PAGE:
The Garden of Eden your backyard is not but that doesn’t mean you can’t try to turn your garden into your own piece of paradise. Check out a few homesteading hacks that will definitely help you successfully grow herbs, vegetables, and even fruit trees.
Jar Test Your Soil
Before starting your garden, you need to check first if the soil is up to the challenge. You need to determine the soil’s quality to know what improvements it requires to successfully grow your garden. Luckily, soil testing is no rocket science. It’s pretty simple and doesn’t require any fancy equipment.
The traditional way of soil testing requires a Mason jar or any clear glass jar. Use a garden trowel like the Bend-Proof one form Edward Tools to scoop soil from different areas of your garden. Then dump them in the glass jar. Fill the jar halfway through with the soil then pour water until almost full. Make sure to leave a couple of inches of space for shaking.
Close the lid tightly and shake for a number of minutes making sure nothing sticks to the bottom. Once the contents are suspended, set the jar aside. Wait for a few hours or until the particles have completely settled.
You should see three layers. The darker layer at the bottom is made of rocks and sand. The middle layer is silt while the top light colored layer is made of clay. The ideal loam combination is made up of 40% sand and rocks, 40% silt, and 20% clay.
If there is more silt, say 10% clay, 70% silt and 20% sand, add more organic matter to your Silty Soil. A Silty Clay Soil, about 30% clay, 60% silt and 10% sand, needs more water. Sandy Soil, which is 15% clay, 20% silt, and 65% sand, is balanced by adding organic matter, too. Adjust the balance of your soil accordingly.
Make Your Own Fertilizer
Most homesteaders are probably aware of this already but you can make your own organic fertilizer. Greedy corporations have long been saying that chemical fertilizers are necessary. Spoiler alert: They’re not.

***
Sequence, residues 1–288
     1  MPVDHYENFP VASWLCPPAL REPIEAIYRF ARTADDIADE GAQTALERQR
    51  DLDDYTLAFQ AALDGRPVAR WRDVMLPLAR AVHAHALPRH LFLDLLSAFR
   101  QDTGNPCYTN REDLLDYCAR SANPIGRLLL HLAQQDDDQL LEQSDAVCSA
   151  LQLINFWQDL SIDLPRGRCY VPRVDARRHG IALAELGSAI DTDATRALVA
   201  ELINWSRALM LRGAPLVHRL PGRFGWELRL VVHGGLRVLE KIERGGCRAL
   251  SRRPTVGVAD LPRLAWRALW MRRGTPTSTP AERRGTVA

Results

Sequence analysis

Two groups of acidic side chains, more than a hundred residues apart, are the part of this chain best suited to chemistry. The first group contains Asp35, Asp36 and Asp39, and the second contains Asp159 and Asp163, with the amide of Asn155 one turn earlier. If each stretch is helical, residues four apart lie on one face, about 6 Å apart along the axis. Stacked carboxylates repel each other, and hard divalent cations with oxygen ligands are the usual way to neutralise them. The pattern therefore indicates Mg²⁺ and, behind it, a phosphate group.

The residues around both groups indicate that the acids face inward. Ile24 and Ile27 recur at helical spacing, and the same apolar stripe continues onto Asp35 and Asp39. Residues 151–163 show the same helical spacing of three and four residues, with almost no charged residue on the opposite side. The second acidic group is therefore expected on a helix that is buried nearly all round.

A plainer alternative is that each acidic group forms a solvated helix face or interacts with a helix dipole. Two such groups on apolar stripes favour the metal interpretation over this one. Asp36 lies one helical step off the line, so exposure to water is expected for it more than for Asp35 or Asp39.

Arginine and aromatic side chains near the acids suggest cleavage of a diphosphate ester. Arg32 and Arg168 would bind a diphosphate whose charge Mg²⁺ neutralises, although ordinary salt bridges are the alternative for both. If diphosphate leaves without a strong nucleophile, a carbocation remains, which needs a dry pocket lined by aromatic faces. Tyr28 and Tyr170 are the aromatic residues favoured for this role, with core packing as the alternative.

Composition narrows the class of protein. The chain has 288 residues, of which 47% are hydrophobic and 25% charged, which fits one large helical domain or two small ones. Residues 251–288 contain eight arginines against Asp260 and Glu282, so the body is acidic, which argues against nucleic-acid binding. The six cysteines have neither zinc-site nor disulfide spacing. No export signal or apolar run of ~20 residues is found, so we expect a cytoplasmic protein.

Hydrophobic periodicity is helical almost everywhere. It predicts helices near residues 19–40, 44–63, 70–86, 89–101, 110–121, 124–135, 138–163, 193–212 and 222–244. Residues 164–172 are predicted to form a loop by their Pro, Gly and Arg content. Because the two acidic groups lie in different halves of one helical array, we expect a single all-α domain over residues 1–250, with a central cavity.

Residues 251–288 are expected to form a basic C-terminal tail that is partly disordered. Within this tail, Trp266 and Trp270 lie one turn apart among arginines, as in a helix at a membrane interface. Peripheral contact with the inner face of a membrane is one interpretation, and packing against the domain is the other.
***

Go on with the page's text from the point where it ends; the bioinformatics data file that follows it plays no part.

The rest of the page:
Making your own organic fertilizer is simple though you need a bit of patience. You’ll need organic matter and a compost bin. Examples of organic materials include kitchen scraps, grass clippings, animal manure, coffee grounds, and boil meal.
For your composting needs, you can simply make a pit by digging a 3 x 3 feet hole on a spot in your yard that gets lots of sun. Pack the sides then fill the hole with layers of organic materials and soil. Soak the materials with water. Turn the compost and add water once a week. The compost will eventually turn brown and become crumbly.
If digging is not your thing, the FCMP Outdoor IM4000 Tumbling Composter is a popular choice on Amazon. The octagonal compost bin comes with two chambers so you can do two batches at a time. Allow one chamber to turn into compost while adding all your fresh scraps in the other one. This should give you a continuous supply of organic compost.
You can’t always head out to dump your kitchen scraps in your compost pit. It’s also pretty messy if you leave it on the counter. Get something like the Oversized 1.3 Gallon Kitchen Compost Bin with EZ-No Lock Lid from Cooler Kitchen Store. It’s a compost bin that’s small enough to be in the kitchen while bug enough to hold more than a gallon of compost materials. Its EZ-No Lock Lid prevents the smell from seeping out while also keeping flies and other critters away. Once it’s full, you can dump the compost into the bin or pit outside.
Chicken Run Composting
Chickens are a homesteader’s best friends. They lay eggs, provide poultry meat, clean the yard, and get rid of some insects and weeds. Chickens also make great organic fertilizers. Not just because chicken manure is rich in nutrients but also because they can fertilize compost by themselves.
Well… not exactly by themselves. You still have to dump and spread your compost pile inside the chicken run. The chickens will munch on the kitchen scraps while also leaving their valuable manure on the compost. Plus, their constant scratching will help aerate the compost pile.